I’m not, actually.
Kady M.
741

Whether something is new or not is not the issue. The presuppositions are the issue. As those change and shift the focus changes, the understandings of what is true or not changes, the questions of what is true or not changes. Is God called Father because he is male? Is that what is true? Or is Father his title? Or is he Father because he is Father-like? Or is he Father so that a male-centric society and culture can more easily comprehend the realtionship of a superior to its created? Or is he literally a father and there is a mother somewhere who has abandoned us or is otherwise unknown? And then how does that all shape everything else we assume, especially about scripture? What is the universal and what is the particular?

While Francis Schaeffer (a Christian apologist popular in the 70s and 80s primarily, but still widely read in many Christian streams) has other issues with his understanding of philosophy, he does point out how art parallels those changing presuppositions.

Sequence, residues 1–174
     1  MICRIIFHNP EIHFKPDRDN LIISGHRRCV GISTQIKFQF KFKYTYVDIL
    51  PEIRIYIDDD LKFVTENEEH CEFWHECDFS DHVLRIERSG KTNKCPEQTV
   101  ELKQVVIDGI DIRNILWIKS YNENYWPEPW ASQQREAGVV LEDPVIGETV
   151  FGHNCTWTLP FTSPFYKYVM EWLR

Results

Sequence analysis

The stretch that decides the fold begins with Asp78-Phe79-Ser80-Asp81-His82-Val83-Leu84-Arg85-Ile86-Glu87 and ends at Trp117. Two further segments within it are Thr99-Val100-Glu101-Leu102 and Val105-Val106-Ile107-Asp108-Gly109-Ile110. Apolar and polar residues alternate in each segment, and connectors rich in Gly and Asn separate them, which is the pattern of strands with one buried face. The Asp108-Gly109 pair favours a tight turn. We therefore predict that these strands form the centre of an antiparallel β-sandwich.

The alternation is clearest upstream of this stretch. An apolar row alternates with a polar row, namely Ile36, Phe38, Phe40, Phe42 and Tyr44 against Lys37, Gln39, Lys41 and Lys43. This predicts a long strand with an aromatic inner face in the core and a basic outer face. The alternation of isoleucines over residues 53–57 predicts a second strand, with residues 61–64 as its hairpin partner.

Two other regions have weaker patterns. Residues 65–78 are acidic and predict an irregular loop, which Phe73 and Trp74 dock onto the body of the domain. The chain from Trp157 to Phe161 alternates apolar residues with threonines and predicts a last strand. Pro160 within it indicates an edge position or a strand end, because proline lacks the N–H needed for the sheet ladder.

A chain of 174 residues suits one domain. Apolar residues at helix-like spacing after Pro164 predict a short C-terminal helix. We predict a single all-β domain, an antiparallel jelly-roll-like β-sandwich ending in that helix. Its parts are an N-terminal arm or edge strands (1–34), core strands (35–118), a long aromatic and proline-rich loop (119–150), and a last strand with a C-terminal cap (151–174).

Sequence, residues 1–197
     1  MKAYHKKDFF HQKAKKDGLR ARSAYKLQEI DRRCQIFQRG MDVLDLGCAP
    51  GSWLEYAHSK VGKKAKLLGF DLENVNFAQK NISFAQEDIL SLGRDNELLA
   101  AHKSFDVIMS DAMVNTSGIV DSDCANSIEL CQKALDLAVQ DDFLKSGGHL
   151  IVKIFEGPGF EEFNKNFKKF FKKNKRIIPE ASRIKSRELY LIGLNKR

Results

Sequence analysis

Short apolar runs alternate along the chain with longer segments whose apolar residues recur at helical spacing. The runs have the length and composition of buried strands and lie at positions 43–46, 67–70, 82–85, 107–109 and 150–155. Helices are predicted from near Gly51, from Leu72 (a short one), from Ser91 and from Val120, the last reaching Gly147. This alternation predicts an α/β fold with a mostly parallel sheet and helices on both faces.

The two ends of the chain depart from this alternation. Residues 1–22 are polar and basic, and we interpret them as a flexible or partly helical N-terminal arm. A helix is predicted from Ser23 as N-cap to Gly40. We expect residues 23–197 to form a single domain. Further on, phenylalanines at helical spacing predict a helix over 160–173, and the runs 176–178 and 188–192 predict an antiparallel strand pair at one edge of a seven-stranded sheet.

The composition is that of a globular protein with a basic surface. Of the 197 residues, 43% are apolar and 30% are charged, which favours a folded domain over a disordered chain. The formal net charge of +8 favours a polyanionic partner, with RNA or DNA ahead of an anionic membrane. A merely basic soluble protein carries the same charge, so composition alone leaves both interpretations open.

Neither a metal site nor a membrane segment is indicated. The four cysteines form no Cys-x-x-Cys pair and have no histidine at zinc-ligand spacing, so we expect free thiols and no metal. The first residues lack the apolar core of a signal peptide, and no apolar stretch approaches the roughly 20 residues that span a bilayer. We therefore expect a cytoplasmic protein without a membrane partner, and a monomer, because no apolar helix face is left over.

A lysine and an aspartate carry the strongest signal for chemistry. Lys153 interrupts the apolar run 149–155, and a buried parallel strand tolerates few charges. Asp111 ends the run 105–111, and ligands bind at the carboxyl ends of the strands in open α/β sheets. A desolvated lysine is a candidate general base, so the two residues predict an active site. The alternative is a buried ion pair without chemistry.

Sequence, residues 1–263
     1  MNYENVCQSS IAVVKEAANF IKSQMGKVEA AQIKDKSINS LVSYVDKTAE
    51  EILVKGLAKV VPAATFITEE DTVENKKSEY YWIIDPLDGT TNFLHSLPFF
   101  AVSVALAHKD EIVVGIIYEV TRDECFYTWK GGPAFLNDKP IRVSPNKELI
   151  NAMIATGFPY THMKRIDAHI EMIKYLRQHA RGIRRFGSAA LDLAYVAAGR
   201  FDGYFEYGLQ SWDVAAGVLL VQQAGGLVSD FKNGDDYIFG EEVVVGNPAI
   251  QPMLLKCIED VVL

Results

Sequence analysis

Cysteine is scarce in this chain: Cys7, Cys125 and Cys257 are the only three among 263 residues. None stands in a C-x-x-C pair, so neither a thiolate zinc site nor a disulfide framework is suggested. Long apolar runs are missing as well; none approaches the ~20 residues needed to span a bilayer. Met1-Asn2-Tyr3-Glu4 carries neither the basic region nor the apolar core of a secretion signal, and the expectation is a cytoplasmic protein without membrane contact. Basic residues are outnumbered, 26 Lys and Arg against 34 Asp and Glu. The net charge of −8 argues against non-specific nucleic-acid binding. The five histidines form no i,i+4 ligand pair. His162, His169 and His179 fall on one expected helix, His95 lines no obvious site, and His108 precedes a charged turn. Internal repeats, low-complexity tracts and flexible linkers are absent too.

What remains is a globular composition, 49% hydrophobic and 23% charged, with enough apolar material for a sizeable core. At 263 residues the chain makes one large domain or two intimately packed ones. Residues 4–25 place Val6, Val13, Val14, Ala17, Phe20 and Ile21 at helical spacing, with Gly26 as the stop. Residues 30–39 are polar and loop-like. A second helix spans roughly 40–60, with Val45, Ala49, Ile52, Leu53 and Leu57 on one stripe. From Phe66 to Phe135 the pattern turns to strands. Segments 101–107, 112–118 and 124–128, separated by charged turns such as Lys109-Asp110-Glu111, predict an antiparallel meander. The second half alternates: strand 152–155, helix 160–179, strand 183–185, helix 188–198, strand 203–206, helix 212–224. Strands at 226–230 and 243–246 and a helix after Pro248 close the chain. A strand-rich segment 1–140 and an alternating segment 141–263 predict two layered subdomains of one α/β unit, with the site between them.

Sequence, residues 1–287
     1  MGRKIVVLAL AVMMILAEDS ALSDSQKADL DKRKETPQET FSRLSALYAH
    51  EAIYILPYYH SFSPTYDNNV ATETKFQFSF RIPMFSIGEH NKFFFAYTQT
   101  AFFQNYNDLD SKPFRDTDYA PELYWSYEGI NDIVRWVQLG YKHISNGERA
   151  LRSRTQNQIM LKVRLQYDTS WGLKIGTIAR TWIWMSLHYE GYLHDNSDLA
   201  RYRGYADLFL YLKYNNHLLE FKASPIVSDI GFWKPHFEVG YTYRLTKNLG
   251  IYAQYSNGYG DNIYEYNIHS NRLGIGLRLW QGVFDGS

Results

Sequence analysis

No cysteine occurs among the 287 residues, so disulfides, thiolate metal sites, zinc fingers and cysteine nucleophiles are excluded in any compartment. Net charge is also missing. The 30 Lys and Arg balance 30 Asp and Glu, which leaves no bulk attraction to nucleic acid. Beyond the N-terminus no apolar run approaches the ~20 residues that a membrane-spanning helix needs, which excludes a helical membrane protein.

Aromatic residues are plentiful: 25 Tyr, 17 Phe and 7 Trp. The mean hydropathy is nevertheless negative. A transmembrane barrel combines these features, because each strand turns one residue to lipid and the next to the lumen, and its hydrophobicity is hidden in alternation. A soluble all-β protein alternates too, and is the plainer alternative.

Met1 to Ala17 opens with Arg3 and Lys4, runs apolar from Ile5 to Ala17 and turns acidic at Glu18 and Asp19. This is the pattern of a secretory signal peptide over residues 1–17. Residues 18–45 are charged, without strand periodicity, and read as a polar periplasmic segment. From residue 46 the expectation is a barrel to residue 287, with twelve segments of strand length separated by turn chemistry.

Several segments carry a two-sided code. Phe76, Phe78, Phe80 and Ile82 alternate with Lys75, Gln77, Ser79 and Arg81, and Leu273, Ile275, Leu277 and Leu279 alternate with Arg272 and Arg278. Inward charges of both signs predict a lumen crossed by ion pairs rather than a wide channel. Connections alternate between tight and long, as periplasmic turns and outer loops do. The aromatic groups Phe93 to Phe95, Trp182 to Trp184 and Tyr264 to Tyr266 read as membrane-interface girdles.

Pre-rennaisance paintings of divine were not to be too human.

But then when culture shifted to re-examining Greek and Roman humanism, shifts in what presuppositions were important changed our focus our understanding of reality or even what was reality.

And then Kant changed everything and we have been trying to live a bifurcated understanding of our humanity ever since.

Not that any of these ideas or understandings didn’t exist before. But what ideas held sway shifted. Examining art also I think more clearly illustrates how long it used to take for our presuppositions to be challeneged and change. As we spread out more from our central communities (and thus face what other cumminities hold as presuppositions), both geographically and now electronically, those challenges and changes happen more often and quickly, for good or ill.

So a consensus belief reaching back to antiquity is not in itself reason to accept that belief. Their answers are based on what questions they thought were relevant and important. What was once understood and commonly accepted as a basis from which to judge is not the same as today. To live like it does is only going to cause confusion if not worse.

What precepts we as individuals choose to believe is not the point. Appealing to antiquity and then expecting everyone else to accept that appeal to antiquity is going to require more than simply saying “But this is how it has always been”. And to a certain degree (especially in an age of uncertainty), as to the OP’s point, sometimes what we think has always been hasn’t always been exactly as we think.

That’s what I think, anyway.

Joe

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